My Fathers’ Forgiveness

Forgiveness & Rememberance

Image by alex drennan via Flickr

Forgiveness is the beginning of love. —Mother Teresa

In his 43 short years, my father was a walking example of forgiveness. He was part of my life for fourteen years and I cannot remember him every criticizing another person. Ever. I witnessed several examples of slights, disrespect and plain abuse of which my father was a victim. But, whether it was the product of an acquaintance, a supposed friend or a family member, he remained silent. Even upon questioning him regarding these instances, he defended the offender. A common reply was, “They don’t know no better, they’re just unhappy.”

My father was one of the happiest people that I would ever meet. I believe he was so happy because he was wise enough to know that most insults were not reflections of what someone thought about him, but rather what they thought about themselves.

Even though I had prayed to God, begging Him to let my dad live, he was taken to heaven on January 16, 1985. Being very close to my dad, this was a huge blow. Top that with being a relatively new Christian and with puberty, it was catastrophic to my new faith. I was so sure that God would come through for me and was unbelievably devastated that He had said no.

My strongest memory at my dad’s funeral were my family members telling me that it was okay to cry. I even tried to cry, but couldn’t. Looking back on it, I think there must have been some numbness and shock that factored in to this, but the primary emotion that I was feeling was deep, burning, seething anger. I was so angry with God that I denounced Him. I told Him that I no longer wanted anything to do with Him.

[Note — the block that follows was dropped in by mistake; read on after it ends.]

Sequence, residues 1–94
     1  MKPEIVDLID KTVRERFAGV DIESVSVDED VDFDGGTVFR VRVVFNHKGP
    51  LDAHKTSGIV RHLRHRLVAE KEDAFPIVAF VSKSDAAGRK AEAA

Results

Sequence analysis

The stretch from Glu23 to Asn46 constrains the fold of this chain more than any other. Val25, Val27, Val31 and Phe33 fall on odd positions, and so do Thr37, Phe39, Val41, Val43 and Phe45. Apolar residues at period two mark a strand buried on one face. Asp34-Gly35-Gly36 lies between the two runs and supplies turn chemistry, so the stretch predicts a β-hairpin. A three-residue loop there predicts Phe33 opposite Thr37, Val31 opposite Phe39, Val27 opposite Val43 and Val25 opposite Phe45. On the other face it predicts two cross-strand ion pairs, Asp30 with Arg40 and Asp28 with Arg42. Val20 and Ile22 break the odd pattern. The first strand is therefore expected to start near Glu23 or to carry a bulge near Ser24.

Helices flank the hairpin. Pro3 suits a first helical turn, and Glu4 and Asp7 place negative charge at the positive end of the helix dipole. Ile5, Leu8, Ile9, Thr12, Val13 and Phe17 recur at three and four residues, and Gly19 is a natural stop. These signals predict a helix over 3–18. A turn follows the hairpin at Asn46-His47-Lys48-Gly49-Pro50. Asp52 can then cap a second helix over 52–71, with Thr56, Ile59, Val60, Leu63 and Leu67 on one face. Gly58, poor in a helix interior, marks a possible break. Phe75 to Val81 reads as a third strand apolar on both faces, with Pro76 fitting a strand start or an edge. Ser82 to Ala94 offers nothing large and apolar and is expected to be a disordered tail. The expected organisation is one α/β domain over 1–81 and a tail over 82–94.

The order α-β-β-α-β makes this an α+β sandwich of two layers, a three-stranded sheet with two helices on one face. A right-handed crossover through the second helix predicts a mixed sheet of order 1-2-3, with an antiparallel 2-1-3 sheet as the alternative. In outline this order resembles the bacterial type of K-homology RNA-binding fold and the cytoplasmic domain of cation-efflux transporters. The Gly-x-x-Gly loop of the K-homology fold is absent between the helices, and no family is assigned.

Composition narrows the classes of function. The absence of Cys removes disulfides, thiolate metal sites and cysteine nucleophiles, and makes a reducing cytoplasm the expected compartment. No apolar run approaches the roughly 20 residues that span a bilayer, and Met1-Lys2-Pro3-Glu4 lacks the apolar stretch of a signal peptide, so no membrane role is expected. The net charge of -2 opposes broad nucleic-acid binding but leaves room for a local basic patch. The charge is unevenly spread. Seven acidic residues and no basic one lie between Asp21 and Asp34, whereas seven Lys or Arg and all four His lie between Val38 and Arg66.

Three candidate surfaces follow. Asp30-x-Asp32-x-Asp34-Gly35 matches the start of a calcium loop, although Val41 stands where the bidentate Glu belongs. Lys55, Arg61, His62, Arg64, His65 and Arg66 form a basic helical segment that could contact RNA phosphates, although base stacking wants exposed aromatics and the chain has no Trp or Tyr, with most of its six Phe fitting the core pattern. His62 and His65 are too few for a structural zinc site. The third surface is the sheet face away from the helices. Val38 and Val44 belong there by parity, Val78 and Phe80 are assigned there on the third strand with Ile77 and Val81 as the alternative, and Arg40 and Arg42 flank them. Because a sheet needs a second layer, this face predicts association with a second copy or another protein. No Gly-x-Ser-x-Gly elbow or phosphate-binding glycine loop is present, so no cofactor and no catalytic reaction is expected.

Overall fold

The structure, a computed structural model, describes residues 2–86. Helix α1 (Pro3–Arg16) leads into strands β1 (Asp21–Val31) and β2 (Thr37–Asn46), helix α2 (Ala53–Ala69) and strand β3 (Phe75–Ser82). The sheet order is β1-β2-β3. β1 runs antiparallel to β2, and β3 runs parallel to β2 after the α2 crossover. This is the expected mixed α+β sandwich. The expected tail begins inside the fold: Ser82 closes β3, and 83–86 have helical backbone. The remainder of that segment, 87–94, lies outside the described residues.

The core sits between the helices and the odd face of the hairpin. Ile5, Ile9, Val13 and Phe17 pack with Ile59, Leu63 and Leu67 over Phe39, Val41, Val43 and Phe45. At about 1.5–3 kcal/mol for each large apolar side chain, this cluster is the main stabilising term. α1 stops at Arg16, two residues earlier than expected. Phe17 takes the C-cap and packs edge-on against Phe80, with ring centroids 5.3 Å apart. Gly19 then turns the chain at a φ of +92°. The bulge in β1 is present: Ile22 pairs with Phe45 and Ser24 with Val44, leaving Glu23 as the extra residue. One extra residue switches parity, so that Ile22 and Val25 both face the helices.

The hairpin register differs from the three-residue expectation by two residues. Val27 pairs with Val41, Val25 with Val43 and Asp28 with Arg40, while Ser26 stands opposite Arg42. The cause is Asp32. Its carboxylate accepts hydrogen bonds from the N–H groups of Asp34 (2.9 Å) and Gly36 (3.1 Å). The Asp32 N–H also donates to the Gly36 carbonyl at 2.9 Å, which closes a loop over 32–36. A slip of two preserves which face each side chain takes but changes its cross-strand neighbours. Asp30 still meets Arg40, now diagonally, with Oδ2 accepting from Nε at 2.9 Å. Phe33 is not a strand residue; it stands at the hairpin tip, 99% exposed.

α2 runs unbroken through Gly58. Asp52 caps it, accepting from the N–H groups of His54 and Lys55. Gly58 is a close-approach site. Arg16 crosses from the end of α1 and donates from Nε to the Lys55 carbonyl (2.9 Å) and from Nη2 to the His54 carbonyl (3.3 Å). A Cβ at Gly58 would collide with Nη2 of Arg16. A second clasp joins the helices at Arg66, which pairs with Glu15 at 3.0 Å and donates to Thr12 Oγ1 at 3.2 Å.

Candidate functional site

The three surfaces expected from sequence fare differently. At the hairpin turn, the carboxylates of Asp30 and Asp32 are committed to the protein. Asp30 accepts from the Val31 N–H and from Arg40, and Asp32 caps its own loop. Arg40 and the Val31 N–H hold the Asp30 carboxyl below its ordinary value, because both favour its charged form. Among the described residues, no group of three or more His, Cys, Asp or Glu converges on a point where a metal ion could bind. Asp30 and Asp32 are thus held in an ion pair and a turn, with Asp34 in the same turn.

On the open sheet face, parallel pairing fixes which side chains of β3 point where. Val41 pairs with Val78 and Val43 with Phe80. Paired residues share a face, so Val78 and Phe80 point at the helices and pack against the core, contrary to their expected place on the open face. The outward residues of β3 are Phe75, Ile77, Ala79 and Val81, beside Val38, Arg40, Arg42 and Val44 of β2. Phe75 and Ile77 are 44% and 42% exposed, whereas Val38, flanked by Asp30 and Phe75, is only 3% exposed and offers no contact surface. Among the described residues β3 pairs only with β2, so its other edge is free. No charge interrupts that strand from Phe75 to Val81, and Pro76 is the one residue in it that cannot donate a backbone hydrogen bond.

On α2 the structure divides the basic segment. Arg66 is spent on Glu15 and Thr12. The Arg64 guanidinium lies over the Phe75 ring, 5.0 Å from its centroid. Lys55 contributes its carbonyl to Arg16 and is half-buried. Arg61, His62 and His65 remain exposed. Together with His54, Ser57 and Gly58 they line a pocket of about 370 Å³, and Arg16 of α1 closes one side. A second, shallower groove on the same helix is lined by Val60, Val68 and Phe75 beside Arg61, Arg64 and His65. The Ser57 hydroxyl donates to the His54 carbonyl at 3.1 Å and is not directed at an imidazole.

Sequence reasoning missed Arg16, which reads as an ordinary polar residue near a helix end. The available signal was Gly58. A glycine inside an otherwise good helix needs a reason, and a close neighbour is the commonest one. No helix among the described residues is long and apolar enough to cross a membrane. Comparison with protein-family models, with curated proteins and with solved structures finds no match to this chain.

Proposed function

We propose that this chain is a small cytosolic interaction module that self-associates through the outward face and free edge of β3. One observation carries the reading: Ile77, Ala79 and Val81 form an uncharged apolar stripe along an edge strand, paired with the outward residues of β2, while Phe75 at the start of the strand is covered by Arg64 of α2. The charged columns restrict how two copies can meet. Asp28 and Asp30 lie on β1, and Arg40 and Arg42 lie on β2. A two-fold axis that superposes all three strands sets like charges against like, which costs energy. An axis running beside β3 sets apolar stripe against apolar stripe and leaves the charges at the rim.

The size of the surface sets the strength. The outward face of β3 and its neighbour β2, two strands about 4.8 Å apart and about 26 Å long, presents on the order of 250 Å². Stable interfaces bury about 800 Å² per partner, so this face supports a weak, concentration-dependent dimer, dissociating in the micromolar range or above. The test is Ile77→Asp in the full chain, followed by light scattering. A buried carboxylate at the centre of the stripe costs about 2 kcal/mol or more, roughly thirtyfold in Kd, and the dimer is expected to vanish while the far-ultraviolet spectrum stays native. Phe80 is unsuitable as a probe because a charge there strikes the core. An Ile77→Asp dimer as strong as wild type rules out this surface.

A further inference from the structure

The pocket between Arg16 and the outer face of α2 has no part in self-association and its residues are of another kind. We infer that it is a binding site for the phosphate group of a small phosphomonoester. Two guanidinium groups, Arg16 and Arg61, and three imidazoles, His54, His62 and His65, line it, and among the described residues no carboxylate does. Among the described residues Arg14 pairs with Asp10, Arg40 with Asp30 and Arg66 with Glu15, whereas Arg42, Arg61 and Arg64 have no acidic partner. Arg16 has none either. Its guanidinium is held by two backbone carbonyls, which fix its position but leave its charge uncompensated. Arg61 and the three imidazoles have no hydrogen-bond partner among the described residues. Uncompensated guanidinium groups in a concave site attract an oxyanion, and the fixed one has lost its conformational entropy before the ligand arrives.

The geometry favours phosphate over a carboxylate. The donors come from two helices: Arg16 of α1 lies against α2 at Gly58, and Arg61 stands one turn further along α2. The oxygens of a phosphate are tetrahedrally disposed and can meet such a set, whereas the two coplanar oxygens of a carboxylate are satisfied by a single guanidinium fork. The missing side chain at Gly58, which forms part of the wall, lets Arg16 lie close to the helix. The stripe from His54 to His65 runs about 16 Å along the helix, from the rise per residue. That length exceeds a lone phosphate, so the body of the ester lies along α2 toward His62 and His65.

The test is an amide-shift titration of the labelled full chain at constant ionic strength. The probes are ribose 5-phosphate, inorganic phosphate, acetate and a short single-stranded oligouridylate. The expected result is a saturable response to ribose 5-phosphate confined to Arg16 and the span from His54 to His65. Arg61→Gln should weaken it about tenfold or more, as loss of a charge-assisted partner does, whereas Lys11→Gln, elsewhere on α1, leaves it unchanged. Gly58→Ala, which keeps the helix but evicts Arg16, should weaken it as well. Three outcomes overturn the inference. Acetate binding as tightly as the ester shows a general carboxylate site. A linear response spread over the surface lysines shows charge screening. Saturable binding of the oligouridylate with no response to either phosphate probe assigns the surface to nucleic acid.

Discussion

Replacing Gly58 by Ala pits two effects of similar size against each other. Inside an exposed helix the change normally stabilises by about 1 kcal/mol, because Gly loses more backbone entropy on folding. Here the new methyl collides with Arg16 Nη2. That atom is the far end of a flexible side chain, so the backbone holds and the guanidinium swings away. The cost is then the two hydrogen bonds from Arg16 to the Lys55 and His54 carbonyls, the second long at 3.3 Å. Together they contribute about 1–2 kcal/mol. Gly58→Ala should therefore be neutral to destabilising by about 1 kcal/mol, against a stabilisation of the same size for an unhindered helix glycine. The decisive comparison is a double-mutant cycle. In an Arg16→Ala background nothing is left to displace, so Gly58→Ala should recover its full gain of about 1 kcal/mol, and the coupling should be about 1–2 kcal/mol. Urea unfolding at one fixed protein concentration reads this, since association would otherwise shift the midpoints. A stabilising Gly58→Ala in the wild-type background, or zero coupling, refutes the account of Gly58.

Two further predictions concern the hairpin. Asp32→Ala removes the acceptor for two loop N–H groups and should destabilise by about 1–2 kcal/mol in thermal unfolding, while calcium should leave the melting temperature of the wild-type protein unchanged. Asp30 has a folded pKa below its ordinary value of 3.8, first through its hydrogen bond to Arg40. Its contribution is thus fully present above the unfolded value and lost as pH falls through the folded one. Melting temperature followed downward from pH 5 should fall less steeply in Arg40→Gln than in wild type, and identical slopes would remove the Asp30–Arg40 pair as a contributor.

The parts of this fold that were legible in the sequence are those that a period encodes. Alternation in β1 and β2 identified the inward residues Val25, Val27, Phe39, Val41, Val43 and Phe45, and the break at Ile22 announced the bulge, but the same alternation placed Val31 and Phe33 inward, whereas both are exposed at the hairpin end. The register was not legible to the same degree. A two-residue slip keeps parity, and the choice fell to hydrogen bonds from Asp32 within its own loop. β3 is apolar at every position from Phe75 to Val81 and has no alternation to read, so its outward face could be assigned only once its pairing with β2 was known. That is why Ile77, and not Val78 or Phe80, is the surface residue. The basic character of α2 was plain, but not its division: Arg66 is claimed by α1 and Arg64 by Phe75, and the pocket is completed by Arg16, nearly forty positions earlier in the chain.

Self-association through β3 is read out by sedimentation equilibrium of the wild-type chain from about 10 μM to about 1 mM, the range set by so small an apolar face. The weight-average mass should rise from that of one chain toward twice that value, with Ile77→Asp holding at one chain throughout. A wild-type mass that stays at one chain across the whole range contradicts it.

Needless to say, this lead to a very eventful time growing up as an angry, rebellious teenager and young adult, creating a severe cycle of self-loathing, acting out toward others, and then more self-loathing. But our Sweet Savior, being the happiest Father in the world, had no problem pursuing me and loving me no matter how I treated Him. Thank you Lord! Events in my life eventually brought me back to my knees, forgiving and more importantly, asking for forgiveness. It’s amazing what the forgiveness of God can do to change your attitude toward others and toward ourselves.

I’ve learned over and over again that it matters way more about what God thinks about us than what other people think. When you remember this, the insults and slights from others don’t matter very much. It results in sympathy toward their life and their view of it and allows you to remain largely unaffected by their abuse. Therefore, a much happier person.

Record numbers of people showed up at my father’s funeral. Everyone loved him and had wonderful stories and memories of him. Many people talked about how happy he always was. I know it was because he forgave, and more importantly, he was forgiven.

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